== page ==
The barrel and foreend - minus some shattered wood splinters - were found in one piece in front of the bench. The scope was bent and its mounts destroyed. The wood buttstock was shattered through the wrist. The action was catastrophically disassembled. The action of the rifle was peeled open like a banana. The trigger group was held in only by the rear pin. The bolt head was eventually found, with approximately half of each locking lug smeared off (this was the newer Remington Woodsmaster with four lugs, not the old nine lug artillery style lock-up). There was a fresh half inch by inch and a half hole in the plywood divider between the shooter and the fellow shooting next to him. Whatever punched the hole was not found; neither was any sign of the cartridge case head. The magazine was smashed and ejected from the action and the several of the unfired cartridges were knocked open. The remaining cartridges held the strongest clue for what had happened.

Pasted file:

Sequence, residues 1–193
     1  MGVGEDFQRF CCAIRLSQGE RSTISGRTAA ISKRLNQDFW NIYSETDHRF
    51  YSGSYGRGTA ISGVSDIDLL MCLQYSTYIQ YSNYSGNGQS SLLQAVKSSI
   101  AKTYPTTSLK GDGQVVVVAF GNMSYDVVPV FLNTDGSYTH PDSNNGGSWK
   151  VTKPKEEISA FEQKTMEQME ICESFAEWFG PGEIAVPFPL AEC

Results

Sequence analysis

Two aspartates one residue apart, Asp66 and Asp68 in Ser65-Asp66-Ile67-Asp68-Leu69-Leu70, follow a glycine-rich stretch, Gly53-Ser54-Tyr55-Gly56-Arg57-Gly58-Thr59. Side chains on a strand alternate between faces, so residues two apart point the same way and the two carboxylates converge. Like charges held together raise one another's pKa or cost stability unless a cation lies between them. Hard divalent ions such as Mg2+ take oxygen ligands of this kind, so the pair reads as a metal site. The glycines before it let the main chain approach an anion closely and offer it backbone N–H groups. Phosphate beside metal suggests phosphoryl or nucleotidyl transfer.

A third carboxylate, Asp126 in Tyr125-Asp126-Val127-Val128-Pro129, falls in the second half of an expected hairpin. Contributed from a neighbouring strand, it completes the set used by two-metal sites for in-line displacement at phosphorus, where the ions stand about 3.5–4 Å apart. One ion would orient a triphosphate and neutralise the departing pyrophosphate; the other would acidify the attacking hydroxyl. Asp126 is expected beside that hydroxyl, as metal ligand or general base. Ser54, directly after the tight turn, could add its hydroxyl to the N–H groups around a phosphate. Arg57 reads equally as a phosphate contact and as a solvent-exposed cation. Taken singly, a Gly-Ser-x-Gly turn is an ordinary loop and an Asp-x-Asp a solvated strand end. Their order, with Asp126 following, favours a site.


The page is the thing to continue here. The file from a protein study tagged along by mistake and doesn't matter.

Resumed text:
Initially the range officers thought rifle somehow fired out of battery, but as the broken open cartridges were being collected for photographs they noticed there appeared to be two kinds of powder lying on the bench. There were both small grained spherical pistol powder and the extruded grains of IMR 4831 rifle powder the shooter said he'd used to assemble the loads. He said he metered his charges into the pan and then trickled them to weight on a scale. At the time I left the speculation was that, as a handloader of both pistol and rifle cartridges, he had not completely emptied his meter of pistol powder before loading his rifle rounds. This was not authoritatively established. Maybe it was just an overcharge (or undercharge). Perhaps the rifle was out of battery when it was fired. We'll likely never know. I do know I've got even more respect for the 50,000 pounds per square inch operating pressures we handloaders and shooters manipulate at the loading bench and on the range.